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Serving Sri Lanka

This web log is a news and views blog. The primary aim is to provide an avenue for the expression and collection of ideas on sustainable, fair, and just, grassroot level development. Some of the topics that the blog will specifically address are: poverty reduction, rural development, educational issues, social empowerment, post-Tsunami relief and reconstruction, livelihood development, environmental conservation and bio-diversity. 

Tuesday, July 26, 2005

Anti-Sethu lobby seeks compensation

South Asia : Hindustan Times.com: Anti-Sethu lobby demands compensation from India , PK Balachandran, Colombo, July 22, 200519:41 IST

The vocal anti-Sethusamudram Ship Canal Project (SSCP) lobby in Sri Lanka is demanding compensation from India for those in the island who will be affected by the project, now that the project is on and is unlikely to be abandoned.

Dr Susai Ananthan, Senior Lecturer in Geography at the University of Jaffna and a fisheries expert, told Hindustan Times that he recognised that the project would spur economic growth in the South Eastern coast of Tamil Nadu. But he pointed out that no such development was on the cards in the North Western coast of Sri Lanka, given the traditional step-motherly treatment meted out to the Tamil-speaking areas by successive Sri Lankan Governments.

Dr Ananthan said that the latest reports on the SSCP suggested that the alignment of the canal had been shifted nearer the India-Sri Lanka maritime boundary. He feared that the chances of the North Western Sri Lankan waters being adversely affected by the digging and the shipping traffic to follow, had increased.

"Earlier, I thought that the project would not harm Sri Lanka, but after the alignment was shifted eastwards, I felt it would. The damage can be quite significant. There has been a total change in the perception here," he said.

Asked about the view expressed by the head of his Department, Prof Balasundaram Pillai, that the SSCP could lead to the development of ancient, but now moribund, North Sri Lankan ports of Talaimannar, Kankesanthurai and Point Pedro, Ananthan said that there was no chance of growth so long as Tamils were not in-charge of North East Sri Lanka.

"This will be the case so long as the Sri Lankan government is in charge. Governments in Colombo will not encourage growth in the Tamil-speaking North. We can hope to see development here only when power passes into the hands of Tamils under an Interim Self-Governing Authority (ISGA). Till then, our fishermen will have to put up with the adverse impact of the canal. Sri Lanka should therefore ask India to provide adequate compensation to these fishermen in lieu of abandoning the project," Ananthan said.

Loss of Katchchativu feared

The Jaffna expert also feared that as a result of the expanding needs of the SSCP, India might sooner or later ask Sri Lanka to give Katchchativu island on perpetual lease.

A top Indian academic and Sri Lanka expert, Prof V Suryanarayan of Calicut University in Kerala, has, in fact, been suggesting this for the past decade or more.

The Jaffna don recalled that Tamil Nadu Chief Minister J Jayalalithaa had also publicly demanded that India "retrieve" Katchchativu from Sri Lanka as a solution to the problem of Indian fishermen straying into Sri Lankan waters and poaching there.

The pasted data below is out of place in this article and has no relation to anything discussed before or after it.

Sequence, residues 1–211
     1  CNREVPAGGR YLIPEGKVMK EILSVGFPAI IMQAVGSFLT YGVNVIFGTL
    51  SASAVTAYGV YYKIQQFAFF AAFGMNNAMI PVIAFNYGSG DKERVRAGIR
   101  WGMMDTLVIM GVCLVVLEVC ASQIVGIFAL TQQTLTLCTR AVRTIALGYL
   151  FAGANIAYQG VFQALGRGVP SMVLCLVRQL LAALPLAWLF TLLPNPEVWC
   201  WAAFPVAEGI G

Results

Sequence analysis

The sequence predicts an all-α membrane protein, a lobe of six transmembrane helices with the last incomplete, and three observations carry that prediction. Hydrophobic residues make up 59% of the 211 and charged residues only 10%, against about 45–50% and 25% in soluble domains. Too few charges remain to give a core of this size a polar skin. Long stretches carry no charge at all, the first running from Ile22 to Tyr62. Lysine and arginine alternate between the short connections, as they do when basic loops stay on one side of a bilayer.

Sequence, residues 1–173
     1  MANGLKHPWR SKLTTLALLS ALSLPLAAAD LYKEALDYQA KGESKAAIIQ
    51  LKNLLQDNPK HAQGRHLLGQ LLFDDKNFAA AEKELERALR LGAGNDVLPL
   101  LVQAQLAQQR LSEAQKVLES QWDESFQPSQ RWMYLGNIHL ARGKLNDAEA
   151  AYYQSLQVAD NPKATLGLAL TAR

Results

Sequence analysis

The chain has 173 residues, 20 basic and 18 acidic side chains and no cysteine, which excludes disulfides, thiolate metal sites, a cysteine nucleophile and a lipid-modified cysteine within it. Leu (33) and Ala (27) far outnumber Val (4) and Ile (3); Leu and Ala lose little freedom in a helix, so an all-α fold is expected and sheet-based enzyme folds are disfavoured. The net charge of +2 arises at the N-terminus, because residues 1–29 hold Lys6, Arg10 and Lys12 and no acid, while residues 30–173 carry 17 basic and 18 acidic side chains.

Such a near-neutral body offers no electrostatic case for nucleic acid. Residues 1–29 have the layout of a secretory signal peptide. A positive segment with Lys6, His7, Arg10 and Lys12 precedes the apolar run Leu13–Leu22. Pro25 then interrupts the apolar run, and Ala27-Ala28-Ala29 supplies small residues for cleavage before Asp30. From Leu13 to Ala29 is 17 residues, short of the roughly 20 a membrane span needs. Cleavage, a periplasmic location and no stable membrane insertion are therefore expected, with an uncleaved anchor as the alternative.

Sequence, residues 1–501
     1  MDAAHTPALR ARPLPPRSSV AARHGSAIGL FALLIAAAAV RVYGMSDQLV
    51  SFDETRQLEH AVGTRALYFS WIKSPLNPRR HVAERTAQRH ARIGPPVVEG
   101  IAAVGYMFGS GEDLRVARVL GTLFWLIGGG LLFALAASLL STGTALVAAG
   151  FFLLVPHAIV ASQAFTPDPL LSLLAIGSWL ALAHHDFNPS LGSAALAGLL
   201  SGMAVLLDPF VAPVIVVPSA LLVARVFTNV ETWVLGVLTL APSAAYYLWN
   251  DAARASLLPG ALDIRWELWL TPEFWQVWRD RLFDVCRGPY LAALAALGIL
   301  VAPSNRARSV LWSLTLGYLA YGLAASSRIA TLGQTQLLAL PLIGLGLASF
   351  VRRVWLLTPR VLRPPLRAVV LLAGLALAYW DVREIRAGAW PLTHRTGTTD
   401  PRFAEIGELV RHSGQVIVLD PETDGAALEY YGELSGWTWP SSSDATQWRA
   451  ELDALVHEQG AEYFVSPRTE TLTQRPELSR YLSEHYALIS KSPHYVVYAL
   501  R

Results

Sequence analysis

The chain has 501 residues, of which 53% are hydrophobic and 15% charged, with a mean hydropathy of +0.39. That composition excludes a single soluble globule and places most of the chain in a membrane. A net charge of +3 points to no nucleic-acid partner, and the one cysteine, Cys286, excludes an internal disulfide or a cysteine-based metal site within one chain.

India has been claiming that its fishermen can exercise their "traditional right" to fish around Katchchativu, besides drying their nets there. But Sri Lanka has been disputing such an interpretation of the Indo-Sri Lanka maritime boundary agreement.

Writing in Daily Mirror and The Island on Wednesday, Dr Lareef Zubair, a Sri Lankan oceanographer at Colombia University's Earth Institute, urged the Sri Lankan Government to demand compensation from India, in addition to lobbying hard for its abandonment, both bilaterally and internationally.

The Indian Government must assure fair and expeditious remediation, if the plans go awry, and compensation for the affected, along with mutual agreement on arbitration, must be negotiated, Zubair wrote.

The US-based long standing Sri Lankan campaigner against the SSCP, warned that the South East Indian and North West Sri Lankan coastlines would become vulnerable to tsunamis and earth slips as a result of the digging in the shallow Palk Strait.

Like some Sri Lankan and Indian commentators, Zubair also saw a military and strategic dimension in the project. This aspect had been highlighted recently at a conference held at Calicut University in Kerala, reports of which were published in Sri Lankan papers.

Zubair said that a militarised Palk Strait could be subjected to missile attacks during war or by terrorists. There was also a possibility of a nuclear disaster because the Kalpakkam nuclear reactor was not far away, he warned.

Governor encourages anti-SSCP stir

Meanwhile, instigated by the pro-LTTE Tamil National Alliance (TNA), and subtly encouraged by the Governor of the North Eastern Province, the fishermen of Mannar have agitated against the SSCP.

The Wanni district TNA MP, Vinonoharathalingam, participated in a demonstration earlier this week. Banners calling upon the Indian government to stop the project were held by the demonstrators.

Suggesting that the Government of Sri Lanka was backing the fishermen, the Governor of the North Eastern Province, Tyronne Fernando, made an unusual visit to Mannar recently, to hear out the fishermen on the SSCP. He urged them to give their objections in writing so that the government could take up the matter with India. He also held talks with the influential Bishop of Catholic-dominated Mannar district, Rev Royappu Joseph, on the project.

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